typedef NS_ENUM(NSUInteger, NSAppleEventAuthorizationStatus) { // User has not yet been prompted for permission. NSAppleEventAuthorizationStatusNotDetermined, // User has explicitely denied permission. NSAppleEventAuthorizationStatusDenied, // User has explicitely granted permission. NSAppleEventAuthorizationStatusAuthorized }; @interface NSAppleEventDescriptor (AuthorizationStatus) + (NSAppleEventAuthorizationStatus)authorizationStatusForTarget:(nullable NSAppleEventDescriptor *)eventDesc; @end

Using an NSAppleEventDescriptor object as argument, this API could provide the authorization status for apps targeted by URL, bundle identifier or process ID (pid).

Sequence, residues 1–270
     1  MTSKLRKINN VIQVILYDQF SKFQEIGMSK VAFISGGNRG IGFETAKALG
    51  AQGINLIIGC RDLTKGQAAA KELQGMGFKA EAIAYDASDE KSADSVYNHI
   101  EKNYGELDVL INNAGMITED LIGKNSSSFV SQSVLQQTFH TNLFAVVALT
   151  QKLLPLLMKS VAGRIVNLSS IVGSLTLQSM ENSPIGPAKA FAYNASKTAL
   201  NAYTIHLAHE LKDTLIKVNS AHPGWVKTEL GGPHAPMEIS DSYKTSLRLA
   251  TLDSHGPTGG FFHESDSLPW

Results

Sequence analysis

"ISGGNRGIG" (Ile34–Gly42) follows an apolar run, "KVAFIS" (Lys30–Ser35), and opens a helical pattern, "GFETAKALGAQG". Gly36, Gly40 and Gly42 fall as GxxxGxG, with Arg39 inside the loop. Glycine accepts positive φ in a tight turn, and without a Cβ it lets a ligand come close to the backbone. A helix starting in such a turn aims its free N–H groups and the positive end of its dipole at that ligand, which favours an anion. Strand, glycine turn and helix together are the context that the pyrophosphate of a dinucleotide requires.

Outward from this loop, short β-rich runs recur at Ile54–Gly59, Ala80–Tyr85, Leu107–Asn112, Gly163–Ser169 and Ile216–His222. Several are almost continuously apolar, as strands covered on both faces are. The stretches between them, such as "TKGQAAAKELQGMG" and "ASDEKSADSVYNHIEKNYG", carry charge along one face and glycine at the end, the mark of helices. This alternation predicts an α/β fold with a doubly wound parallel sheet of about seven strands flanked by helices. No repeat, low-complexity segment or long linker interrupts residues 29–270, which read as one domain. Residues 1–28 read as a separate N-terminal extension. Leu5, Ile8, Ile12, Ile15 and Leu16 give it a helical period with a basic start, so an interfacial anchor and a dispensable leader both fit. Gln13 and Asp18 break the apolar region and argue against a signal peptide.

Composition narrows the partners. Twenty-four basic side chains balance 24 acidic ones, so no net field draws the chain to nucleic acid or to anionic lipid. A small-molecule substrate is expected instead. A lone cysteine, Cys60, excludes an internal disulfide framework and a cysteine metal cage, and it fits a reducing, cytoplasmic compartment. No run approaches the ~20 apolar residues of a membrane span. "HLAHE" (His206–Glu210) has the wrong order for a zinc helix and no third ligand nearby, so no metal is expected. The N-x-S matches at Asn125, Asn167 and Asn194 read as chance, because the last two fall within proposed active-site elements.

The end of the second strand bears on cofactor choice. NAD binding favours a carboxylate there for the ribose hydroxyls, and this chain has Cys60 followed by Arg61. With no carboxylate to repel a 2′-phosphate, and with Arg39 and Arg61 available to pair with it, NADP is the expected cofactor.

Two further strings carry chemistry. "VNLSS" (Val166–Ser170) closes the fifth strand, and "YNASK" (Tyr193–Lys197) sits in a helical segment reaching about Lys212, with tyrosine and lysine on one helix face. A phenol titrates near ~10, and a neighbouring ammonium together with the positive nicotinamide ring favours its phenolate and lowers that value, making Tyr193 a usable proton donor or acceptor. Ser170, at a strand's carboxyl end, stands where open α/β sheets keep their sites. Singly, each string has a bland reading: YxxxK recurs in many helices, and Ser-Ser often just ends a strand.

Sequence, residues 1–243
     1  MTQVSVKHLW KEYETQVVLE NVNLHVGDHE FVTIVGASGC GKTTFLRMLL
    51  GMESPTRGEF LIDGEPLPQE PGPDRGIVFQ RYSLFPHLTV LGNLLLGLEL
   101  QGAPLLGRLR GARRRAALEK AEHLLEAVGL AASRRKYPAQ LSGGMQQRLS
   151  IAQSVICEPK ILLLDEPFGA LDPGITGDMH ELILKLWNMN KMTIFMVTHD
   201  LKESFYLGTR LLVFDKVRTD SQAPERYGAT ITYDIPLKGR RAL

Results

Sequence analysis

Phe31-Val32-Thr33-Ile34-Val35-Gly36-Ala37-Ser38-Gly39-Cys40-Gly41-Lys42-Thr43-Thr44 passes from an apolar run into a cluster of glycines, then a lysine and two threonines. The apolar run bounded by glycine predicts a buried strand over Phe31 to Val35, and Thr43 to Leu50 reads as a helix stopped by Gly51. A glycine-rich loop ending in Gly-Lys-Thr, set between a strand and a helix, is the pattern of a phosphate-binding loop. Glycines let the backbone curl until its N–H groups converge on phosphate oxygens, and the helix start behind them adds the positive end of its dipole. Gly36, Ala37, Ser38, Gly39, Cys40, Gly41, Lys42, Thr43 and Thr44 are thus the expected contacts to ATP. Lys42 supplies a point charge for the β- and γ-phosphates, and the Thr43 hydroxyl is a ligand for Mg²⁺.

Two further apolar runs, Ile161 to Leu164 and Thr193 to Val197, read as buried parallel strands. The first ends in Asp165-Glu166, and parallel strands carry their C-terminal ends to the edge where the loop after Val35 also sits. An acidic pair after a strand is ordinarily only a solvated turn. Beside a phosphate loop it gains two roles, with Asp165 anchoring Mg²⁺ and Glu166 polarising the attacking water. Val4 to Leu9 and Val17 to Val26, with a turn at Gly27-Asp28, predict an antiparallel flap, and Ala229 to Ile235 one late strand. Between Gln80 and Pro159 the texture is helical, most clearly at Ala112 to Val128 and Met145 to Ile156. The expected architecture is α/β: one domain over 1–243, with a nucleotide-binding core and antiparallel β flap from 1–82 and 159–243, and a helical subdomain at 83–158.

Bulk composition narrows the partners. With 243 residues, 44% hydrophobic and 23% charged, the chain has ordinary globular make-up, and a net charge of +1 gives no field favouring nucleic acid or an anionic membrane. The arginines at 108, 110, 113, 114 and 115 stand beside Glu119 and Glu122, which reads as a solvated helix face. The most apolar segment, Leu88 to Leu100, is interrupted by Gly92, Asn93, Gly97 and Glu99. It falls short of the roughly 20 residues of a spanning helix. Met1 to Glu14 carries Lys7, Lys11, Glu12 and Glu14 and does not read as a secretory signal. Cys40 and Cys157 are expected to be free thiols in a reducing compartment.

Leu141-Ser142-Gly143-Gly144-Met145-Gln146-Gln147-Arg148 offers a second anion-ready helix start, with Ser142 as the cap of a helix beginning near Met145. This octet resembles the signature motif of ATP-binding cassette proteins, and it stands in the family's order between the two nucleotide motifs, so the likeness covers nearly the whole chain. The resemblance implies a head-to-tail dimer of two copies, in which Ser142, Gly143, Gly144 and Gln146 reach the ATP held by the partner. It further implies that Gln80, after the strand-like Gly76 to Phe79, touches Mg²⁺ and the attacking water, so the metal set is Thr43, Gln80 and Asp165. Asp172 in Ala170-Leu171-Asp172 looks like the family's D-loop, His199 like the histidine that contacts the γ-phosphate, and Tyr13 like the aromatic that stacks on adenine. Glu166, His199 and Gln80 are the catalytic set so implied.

Passing a nil value could request information on whether the app has been whitelisted to send Apple Events to any app without prompting.

API to request authorization from the user

Inspired by this AVFoundation API, this is what the API to request prompting the user for authorization (without launching the target app) could look like:

typedef NS_OPTIONS(NSUInteger, NSAppleEventAuthorizationRequestOptions) { // No options NSAppleEventAuthorizationRequestOptionsNone, // Prompt the user - even if the user was already prompted in the past NSAppleEventAuthorizationRequestOptionsForcePrompt }; @interface NSAppleEventDescriptor (AuthorizationRequest) + (void)requestAccessForTarget:(nullable NSAppleEventDescriptor *)eventDesc options:(NSAppleEventAuthorizationRequestOptions)options completionHandler:(void (^)(BOOL granted))handler; @end

Using an NSAppleEventDescriptor as argument, this API could bring up authorization prompts for apps identified by URL, bundle identifier or process ID (pid).